It's great to see so many fine cameras in the niche I happen to most interested in! While I'm quite happy with my Olympus E-M5, I like knowing that appealing options out there.

Unfortunately as a glasses wearer, I'm afraid the GX7 won't be among them for the reason Arg mentions. The combination of a large 0.7x magnification VF with an eyepoint of only 17.5mm likely won't work. My current E-M5 has a 18mm eyepoint but only a 0.58x magnification viewfinder, which is ok. The new Olympus VF-4, by comparison, offers 0.74x magnification with a 21mm eyepoint — that looks like the better choice for glasses wearers. (All magnification numbers taken from DPreview for easy comparison.)

Wow. My OMDs days may be numbered ...

"...I'll be very interested to see the first photo of the GX7 next to the E-P5 with its EVF perched on top, though. The form-factor difference is going to be rather glaring..."

Mike, the folks over at Camerasize.com have already put pictures of the GX7 up for comparison! Those guys are fast!!

[Right you are, Jamie, and thanks, but what I was getting at was that the E-P5 with its "bell tower" add-on EVF is going to look a lot different than the GX7 with its integral EVF. Camerasize's E-P5 doesn't have the EVF mounted on it. --Mike]

Seems like a home run spec-wise, but for those not already invested in m43 it's going to be a tough sell against the NEX-6 unless the street price drops quickly.

Had this come out around the same time as the OM-D I probably would have bought this body. The central VF from the OM-D digs into my back more than I care for, and the tiny, mushy buttons are not enjoyable (prefer the controls on my LX-5). However, one thing that hasn't been mentioned (and many pooh pooh) is weather sealing, and that is what would keep me from using a GX7 as my main body. For those of us in rainy climes who have active lifestyles (skiing, cycling, hiking, etc) it's been invaluable. If this body were weather sealed it would be game over.

Re: Mike replies: Well, if you do, do it through my links, would you? We've just lost Pentax, our biggest advertiser. (The ad is still up, but it will be coming down as soon as we settle accounts—or we don't, as the case may be.)

I hope that this means you will gain Ricoh as a new advertiser and they stay with you... though at this point it doesn't sound like it.

Arg, ginsbu and anyone else who can help...

Would someone be able to explain what factors affect the useability of EVFs with glasses? ginsbu suggests it is the Eye Relief combined with magnification. Would it be possible to expand on that?

My Nex-7 supposedly has an Eye Relief of "23mm from the eyepiece and 21mm from the eyepiece frame". Does this mean the Eye Relief increases when I remove the plastic eye cup or does it drop?

All I know is that with the eyecup in place I can't see the whole frame but without it I can just see the full extent of the viewfinder.

I am keen to know what to look for as the Nex-7 is not for me and I am now on the lookout again. How are the Fuji and Olympus EVFs when used with glasses?

Thanks in advance.


The enthusiast corner of the market has been screaming for exactly this camera since the inception of m4/3...

Why they waited 4 years is completely mind-boggling.

Is it wrong of me to be disappointed that there's no on-sensor PDAF?

But I share the joy. Panasonic has delivered everything I ever said I wanted in an m4/3 with the GX7 (rangefinder body style, corner EVF, tilt-LCD, IBIS). Bonus, the sync speed looks to be 1/250s (vs. the GX1's 1/160s).

Also, I wear glasses, and shoot with the G3, which has the same eyepoint/magnification and find it comfortable and easily usable. OTOH, I'm only just starting to go presbyopic.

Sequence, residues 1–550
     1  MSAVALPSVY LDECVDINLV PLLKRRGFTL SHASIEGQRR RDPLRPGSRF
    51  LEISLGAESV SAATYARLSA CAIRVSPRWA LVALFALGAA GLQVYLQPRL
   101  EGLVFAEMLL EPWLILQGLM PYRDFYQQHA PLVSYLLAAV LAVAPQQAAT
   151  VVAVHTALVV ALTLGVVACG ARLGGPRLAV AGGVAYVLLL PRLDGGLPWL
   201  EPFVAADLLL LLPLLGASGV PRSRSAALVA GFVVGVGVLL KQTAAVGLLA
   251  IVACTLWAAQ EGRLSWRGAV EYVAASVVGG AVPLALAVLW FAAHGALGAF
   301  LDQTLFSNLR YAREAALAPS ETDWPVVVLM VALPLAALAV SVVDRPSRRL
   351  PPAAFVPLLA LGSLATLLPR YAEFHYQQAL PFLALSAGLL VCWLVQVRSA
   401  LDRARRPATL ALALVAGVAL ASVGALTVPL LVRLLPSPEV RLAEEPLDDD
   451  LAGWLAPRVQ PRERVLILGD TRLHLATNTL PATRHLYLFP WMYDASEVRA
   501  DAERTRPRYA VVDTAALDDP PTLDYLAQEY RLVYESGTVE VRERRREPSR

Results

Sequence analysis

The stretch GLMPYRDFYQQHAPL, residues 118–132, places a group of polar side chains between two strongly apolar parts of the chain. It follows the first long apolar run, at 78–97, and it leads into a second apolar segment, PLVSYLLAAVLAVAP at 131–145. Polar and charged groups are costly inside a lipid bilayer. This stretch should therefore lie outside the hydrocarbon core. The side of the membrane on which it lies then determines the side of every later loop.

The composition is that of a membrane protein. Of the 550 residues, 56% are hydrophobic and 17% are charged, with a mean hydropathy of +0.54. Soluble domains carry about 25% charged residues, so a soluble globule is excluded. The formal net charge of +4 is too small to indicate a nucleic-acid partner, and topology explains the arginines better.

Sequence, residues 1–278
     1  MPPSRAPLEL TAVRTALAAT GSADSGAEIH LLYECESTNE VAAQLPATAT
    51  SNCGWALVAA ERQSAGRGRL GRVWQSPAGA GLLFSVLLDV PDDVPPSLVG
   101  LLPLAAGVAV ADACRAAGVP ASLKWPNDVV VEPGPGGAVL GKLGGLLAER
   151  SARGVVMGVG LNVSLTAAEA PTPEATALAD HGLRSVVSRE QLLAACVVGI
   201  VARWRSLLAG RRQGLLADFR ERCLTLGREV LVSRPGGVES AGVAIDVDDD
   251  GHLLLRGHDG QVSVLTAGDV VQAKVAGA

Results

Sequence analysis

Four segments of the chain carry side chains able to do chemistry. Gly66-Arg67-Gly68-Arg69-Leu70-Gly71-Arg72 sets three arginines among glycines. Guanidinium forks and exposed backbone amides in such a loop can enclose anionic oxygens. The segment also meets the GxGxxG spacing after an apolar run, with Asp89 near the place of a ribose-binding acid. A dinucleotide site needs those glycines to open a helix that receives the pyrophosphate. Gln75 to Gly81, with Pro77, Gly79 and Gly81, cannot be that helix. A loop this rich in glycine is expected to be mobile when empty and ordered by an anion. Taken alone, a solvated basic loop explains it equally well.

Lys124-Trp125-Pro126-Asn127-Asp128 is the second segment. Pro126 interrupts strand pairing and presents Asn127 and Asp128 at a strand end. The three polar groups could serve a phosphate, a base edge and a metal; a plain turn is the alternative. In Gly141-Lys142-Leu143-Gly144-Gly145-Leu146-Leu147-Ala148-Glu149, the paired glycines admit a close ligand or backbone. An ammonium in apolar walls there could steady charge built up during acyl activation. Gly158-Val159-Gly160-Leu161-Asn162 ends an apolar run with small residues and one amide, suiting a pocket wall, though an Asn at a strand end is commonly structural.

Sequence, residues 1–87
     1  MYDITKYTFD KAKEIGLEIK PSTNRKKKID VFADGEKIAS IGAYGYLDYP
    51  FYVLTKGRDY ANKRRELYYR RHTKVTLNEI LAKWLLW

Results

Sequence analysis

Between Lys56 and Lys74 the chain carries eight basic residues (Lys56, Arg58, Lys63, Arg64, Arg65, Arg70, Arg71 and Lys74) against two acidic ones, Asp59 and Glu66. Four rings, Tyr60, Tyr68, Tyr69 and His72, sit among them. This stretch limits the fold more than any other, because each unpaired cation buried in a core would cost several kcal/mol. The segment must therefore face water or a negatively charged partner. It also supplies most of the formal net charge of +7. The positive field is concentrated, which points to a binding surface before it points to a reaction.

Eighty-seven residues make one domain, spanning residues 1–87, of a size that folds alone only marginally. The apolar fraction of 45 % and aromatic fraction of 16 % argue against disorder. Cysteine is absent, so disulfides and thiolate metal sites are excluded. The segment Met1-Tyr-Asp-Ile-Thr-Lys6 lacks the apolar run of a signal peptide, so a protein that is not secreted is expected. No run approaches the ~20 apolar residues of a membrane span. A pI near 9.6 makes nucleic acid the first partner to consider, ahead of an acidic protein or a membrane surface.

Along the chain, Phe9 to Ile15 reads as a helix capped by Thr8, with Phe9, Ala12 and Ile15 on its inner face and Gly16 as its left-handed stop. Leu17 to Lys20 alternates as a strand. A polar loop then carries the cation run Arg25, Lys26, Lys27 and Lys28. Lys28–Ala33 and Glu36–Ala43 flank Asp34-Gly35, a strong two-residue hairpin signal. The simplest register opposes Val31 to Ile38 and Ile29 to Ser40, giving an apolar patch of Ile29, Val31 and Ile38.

This whole market segment is getting pretty dang sweet. While the mirrorless cameras still can't fully replace DSLRs for photojournalism and action photography, I can state that I successfully used my X-Pro1 to shoot professional NHRA drag racing last weekend on continuous AF and high-speed mode, and I was very pleased with the results.

The new GX-7 looks nice, and gets back to the original vision of the GF1, which is one of the reasons that model was so well-received and successful. The addition of an EVF will be a big plus to enhance the functionality of a nice camera system.

Arg and Ginsbu:

I'm very much an eyeglass wearer - as in, since childhood a very long time ago - and am currently using a Panasonic G3 with the same 17.5mm eye relief. I use the EVF almost exclusively for shooting, reserving the screen mostly for review and menus. I can see the entire frame just fine with careful eye/EVF positioning, something that became second nature very quickly.

I was just about to pull the trigger on a Panasonic G5 when this news came out. A permanently attached viewfinder that tilts up and in-body stabilization for my beloved 20mm 1.7?

Yeah, I'm going for it.

Only silver in the US, that's a drag. I haven't owned a silver camera since 1976. I'll wait, or I'll paint. Overall, aside from using a dumb battery (why not the GH3 battery?), it seems like a great piece of kit.

And oh yeah, HOW ABOUT RELEASING IT IN BLACK for the US market?

A lot of micro four-thirds shooters have been waiting for a rangefinder-styled camera with a built-in viewfinder for a long time. Many have moved to a Sony NEX-7 or NEX-6 because they were tired of waiting. But now, the GX7 is here and it looks like a great piece. What's more, it looks like a better deal overall than the Olympus E-P5 with VF-4 kit.

Now, a word of advice for all of those people who expect a repeat from the Panasonic playbook, meaning a major dive in the price of the GX7 after six or eight months: Don't count on it.

It is very likely we'll see big discounts yet again for the G6 and whatever the latest GF-series camera is. But notice how the price of the GH2 didn't drop for a very long time. The GH3 was very nearly out already before big savings were seen.

Likewise, don't look for the price of the Olympus E-P5 to drop all that much for quite a while. The E-P3 stubbornly held its pricetag until only a few months ago, when the fast and furious close-out fire sales began.

The OM-D is another camera that has held its marketplace value, while Oly's E-PL- and E-PM-series cameras saw big discounts over the course of a year after their introductions in two or more generations.